Leading Article: The West's shameful complacency on Aids

Click to follow
THE PUBLICATION of yesterday's report from the United Nations' Programme on HIV and Aids should shame those in the West who thought we had beaten this problem. The figures in the report are almost beyond comprehension. The number of Aids cases is rising globally by 10 per cent a year, infecting the young more than the old, slowly killing more than 33 million people.

Aids is an unfashionable topic; it has passed out of the attention of media and public alike. The initial publicity blitz conducted by Conservative ministers in the late Eighties raised public fears along with awareness; but when most people's relatives and friends did not develop the illness, those not directly affected preferred to lapse back into their previous, comforting ignorance. Governments still have time to act, for Aids is a disease of poverty, rather than the sexual affliction it was portrayed as in the West. It kills more Africans than anyone else; in some parts of that continent, such as Kwa Zulu Natal, one in three people aged 15 to 49 has HIV. The damage to civil society, and the ability of African nations to fight their way out of poverty, may be the final blow to their development programmes. Meanwhile, richer Northern Europeans and Americans have been the recipients of powerful new drugs: there, mortality rates following infection are plummeting.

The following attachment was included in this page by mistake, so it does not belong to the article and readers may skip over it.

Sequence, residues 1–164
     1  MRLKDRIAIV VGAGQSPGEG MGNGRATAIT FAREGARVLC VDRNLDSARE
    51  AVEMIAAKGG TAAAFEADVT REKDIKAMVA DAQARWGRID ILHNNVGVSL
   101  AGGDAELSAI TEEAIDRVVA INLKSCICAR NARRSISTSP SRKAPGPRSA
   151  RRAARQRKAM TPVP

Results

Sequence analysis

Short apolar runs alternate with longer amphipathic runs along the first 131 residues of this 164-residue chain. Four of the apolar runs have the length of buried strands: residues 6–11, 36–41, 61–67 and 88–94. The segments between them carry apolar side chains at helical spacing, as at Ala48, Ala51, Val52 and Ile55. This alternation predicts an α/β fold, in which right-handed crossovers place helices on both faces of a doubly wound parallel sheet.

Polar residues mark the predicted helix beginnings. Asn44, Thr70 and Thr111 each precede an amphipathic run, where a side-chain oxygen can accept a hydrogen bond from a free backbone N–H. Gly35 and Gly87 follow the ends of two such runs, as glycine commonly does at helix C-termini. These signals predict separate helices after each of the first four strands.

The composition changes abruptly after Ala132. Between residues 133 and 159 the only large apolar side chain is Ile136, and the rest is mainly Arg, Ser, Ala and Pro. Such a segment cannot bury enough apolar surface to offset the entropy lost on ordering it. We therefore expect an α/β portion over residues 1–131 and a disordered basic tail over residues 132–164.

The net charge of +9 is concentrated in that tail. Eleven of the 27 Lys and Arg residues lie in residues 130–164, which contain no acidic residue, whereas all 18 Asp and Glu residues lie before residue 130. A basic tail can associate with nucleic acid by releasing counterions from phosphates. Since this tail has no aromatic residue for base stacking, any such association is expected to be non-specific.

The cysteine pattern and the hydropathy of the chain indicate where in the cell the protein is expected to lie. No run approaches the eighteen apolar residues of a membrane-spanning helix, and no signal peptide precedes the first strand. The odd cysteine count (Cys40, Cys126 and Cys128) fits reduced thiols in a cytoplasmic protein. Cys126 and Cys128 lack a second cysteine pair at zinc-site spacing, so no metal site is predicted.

World leaders still stalling on the relief of debt might consider the delicate state of those nations afflicted with Aids. It is their poverty, their inability to educate themselves and buy drugs and contraceptives, that condemns these millions to deaths that could so easily be prevented. It is the refusal to properly fund and support UN efforts to hold back the plague that brings the evil closer to our shores. This fatal complacency should end, and end now.